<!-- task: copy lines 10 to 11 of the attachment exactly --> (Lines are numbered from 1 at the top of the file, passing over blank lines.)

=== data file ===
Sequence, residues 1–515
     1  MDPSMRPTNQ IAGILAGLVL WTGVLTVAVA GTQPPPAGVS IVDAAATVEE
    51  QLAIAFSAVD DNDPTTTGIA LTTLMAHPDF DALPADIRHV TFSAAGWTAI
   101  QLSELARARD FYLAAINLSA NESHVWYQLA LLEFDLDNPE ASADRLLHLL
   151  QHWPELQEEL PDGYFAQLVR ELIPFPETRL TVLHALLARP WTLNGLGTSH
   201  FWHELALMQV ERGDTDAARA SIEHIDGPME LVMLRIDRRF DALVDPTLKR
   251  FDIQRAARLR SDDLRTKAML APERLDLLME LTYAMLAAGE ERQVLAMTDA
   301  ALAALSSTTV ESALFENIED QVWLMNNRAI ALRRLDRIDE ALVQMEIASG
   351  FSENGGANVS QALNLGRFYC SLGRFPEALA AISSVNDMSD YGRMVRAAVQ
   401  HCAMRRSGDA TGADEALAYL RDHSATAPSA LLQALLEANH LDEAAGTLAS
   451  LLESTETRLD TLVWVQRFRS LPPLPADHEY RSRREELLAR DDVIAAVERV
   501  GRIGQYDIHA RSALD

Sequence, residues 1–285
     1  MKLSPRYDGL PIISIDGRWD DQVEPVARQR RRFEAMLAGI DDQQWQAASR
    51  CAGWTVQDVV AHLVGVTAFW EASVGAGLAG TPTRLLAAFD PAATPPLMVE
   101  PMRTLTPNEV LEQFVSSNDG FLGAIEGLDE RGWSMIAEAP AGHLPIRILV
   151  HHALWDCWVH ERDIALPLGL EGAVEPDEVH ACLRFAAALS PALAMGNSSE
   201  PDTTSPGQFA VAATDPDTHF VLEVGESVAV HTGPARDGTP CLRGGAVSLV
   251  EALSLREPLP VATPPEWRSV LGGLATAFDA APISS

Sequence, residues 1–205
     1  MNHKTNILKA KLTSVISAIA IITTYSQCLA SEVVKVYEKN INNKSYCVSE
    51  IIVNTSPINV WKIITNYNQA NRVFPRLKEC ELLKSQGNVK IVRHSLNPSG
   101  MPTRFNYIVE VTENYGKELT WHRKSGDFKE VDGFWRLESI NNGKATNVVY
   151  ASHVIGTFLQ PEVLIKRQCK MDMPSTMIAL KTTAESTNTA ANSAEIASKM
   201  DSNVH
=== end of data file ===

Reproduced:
   401  HCAMRRSGDA TGADEALAYL RDHSATAPSA LLQALLEANH LDEAAGTLAS
   451  LLESTETRLD TLVWVQRFRS LPPLPADHEY RSRREELLAR DDVIAAVERV